NEW UPDATE – May 1: Transportation Secretary Ray LaHood now says, no towers will close.
UPDATE April 5: The FAA now says it will delay the closures of all towers until June 15.
The FAA says it will close 149 federal contract airport control towers – for mostly general aviation facilities or small airports with relatively little traffic – beginning April 7 to meet demands of sequestration (automatic budget cuts for federal agencies).
Fewer Towers to Close than Expected
It could have been worse: the government is keeping another 24 of these towers open, despite being proposed for closure earlier this year. Passengers may experience delays as a result, but flights will continue.
Towers Close but Airports Stay Open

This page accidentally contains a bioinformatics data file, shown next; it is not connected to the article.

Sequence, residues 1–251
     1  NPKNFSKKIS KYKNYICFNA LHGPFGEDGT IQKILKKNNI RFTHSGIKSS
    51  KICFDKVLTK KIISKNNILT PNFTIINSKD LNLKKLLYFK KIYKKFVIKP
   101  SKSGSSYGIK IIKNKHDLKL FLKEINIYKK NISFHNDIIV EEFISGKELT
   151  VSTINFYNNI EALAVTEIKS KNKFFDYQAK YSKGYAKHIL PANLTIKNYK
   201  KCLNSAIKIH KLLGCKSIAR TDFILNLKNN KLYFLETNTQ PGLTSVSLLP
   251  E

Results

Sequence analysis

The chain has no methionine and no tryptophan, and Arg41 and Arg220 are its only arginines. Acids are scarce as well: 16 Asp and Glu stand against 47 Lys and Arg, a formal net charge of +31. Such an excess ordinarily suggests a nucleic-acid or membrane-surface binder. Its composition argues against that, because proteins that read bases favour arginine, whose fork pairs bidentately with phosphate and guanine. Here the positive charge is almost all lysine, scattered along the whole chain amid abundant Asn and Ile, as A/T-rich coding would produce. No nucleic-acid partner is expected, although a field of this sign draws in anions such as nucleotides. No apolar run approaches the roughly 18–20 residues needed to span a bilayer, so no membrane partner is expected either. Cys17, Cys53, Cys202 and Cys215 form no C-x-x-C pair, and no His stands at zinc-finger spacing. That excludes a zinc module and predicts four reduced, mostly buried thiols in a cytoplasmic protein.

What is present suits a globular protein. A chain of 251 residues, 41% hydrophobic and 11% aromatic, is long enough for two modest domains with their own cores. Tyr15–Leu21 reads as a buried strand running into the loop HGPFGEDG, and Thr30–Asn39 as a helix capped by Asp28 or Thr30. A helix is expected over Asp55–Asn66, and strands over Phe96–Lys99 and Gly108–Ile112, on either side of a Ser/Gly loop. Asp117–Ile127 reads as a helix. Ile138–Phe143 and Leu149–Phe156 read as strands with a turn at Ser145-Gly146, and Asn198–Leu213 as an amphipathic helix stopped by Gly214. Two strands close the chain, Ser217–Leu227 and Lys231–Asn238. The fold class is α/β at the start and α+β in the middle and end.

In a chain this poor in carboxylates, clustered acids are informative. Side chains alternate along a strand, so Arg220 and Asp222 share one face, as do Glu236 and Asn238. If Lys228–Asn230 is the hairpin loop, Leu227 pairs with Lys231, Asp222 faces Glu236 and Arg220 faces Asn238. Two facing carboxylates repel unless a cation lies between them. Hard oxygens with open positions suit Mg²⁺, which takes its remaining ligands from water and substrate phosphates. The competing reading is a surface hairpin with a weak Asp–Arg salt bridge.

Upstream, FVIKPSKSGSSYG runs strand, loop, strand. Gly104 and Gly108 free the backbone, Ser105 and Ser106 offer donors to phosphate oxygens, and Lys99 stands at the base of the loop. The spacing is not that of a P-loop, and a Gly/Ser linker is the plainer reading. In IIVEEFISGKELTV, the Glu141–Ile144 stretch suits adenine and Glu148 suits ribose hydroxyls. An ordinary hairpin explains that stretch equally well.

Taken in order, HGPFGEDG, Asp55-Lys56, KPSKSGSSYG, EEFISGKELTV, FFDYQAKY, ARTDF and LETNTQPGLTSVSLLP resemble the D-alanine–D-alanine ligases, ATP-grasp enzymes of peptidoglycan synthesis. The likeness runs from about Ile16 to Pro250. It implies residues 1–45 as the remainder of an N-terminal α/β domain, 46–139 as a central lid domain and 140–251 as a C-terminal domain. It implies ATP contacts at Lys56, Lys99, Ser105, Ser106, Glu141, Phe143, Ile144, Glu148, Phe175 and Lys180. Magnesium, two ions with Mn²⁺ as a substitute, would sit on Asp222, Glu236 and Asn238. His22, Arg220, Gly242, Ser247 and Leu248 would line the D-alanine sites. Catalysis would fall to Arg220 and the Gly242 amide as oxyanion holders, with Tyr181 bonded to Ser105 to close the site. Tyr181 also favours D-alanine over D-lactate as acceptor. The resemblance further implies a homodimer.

Just because a tower closes doesn’t mean the airport will. As Bloomberg reports, “Planes, including airliners, can continue to fly to airports without towers. Most of the roughly 5,000 U.S. public airports don’t have towers. Instead of being guided by controllers, pilots radio each other to coordinate landings and takeoffs, according to FAA procedures.”
States Losing the Most Towers
An example of one of the closures is little Whiteman Airport in the greater Los Angeles area which has just a single runway and is occasionally used by celebrities and others for private jet trips (though stars generally use the more easily accessible Van Nuys Airport and its tower will remain open). California though wasn’t the hardest hit region; here is a list of the states with most tower closures.
- Florida – 14 closures
- Texas – 13 closures
- California – 11 closures
You can see the FAA’s entire list of airport tower closures here.